The different kinds of English Language Qualifications

For some students of English, merely being able to converse with native English speakers is reward enough for a course of study. Many students, however, want official recognition for their hard work; perhaps they need a specific qualification that is recognised for work or study purposes. Therefore it is important to know the main qualifications that are recognised internationally by employers and universities.

One of the main qualifications required for academic study in English speaking universities is the IELTS – the International English Language Testing System. Operated by Cambridge ESOL and the British Council, an IELTS score is also required for immigration into some English speaking countries such as Canada, Australia and New Zealand. There are two IELTS exams – Academic for university level use of English and General Training for levels below. Both exams test Listening, Reading, Writing and Speaking skills, with different Reading and Writing papers for the Academic and General Training levels. Scores range from 0 to 9, with most English speaking universities requiring a score between 6 and 7.

More information about the exam and the requirements can be found at www.cambridgeesol.org/exams/academic-english/ielts.html. The world-renowned Cambridge English as a Second Language (ESOL) exams are a choice of qualifications that are linked to the internationally recognised Common European Framework of Reference for languages (CEFR) which has a scale ranging from A1 to C2, C2 being the highest. The exams begin with the Key English Test (KET), and increase in difficulty through the Preliminary English Test (PET), the First Certificate in English (FCE), the Certificate in Advanced English (CAE) reaching the highest qualification, the CPE or Certificate of Proficiency in English.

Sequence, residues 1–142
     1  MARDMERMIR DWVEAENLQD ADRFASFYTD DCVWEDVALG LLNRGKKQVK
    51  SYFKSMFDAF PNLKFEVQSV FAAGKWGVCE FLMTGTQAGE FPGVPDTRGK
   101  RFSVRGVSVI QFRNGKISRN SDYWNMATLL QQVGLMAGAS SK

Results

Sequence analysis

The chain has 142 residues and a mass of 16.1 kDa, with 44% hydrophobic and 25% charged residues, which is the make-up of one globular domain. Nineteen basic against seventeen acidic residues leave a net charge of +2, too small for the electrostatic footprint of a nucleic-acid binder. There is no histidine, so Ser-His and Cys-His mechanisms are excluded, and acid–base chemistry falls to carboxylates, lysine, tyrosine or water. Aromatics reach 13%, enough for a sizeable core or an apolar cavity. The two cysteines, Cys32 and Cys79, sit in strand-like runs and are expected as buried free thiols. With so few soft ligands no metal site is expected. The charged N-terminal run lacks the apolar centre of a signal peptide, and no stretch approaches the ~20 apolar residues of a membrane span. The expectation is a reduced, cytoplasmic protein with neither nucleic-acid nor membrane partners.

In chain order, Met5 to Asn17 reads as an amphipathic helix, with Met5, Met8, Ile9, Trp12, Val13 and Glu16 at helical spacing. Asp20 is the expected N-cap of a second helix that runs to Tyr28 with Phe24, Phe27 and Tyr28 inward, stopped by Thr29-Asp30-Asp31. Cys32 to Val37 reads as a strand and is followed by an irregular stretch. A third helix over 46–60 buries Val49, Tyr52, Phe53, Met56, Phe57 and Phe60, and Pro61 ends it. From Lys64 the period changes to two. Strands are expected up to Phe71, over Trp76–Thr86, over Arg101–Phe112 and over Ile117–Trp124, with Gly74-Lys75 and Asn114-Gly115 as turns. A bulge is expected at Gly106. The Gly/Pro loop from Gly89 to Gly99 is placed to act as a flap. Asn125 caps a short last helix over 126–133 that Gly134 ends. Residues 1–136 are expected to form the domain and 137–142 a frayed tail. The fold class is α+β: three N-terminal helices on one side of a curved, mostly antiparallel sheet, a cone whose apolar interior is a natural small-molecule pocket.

Cambridge also offers a range of qualifications aimed for specific employment purposes, with exams available that test for knowledge of English used in Business, the law and the world of finance.

These qualifications are widely recognised internationally by universities and employers, and can be specified as an entry requirement for programmes of study. More information on each of the qualifications and what the exams entail can be found at the Cambridge University ESOL site. The third major examination provider is City & Guilds. Again, these qualifications are linked to the Common European Framework. The City & Guilds International ESOL Diploma is available in six levels. The top two, Expert and Mastery (C1 and C2 according to the Framework) are recognised as evidence of ability to study in many English speaking universities.

There are also specific exams for English used in business as well as purely spoken exams. For more information visit the City & Guilds website.

Some universities and colleges may offer their own qualifications, designed and tested by the institutions themselves. In the UK, these will be monitored and assessed for quality by government bodies. International students will need to be aware of the equivalent level of the qualification in their own country, so that employers and other institutions can assess the student’s level of English. Whatever your reasons for studying English, having a recognised qualification can open many doors of opportunity both in your own country and abroad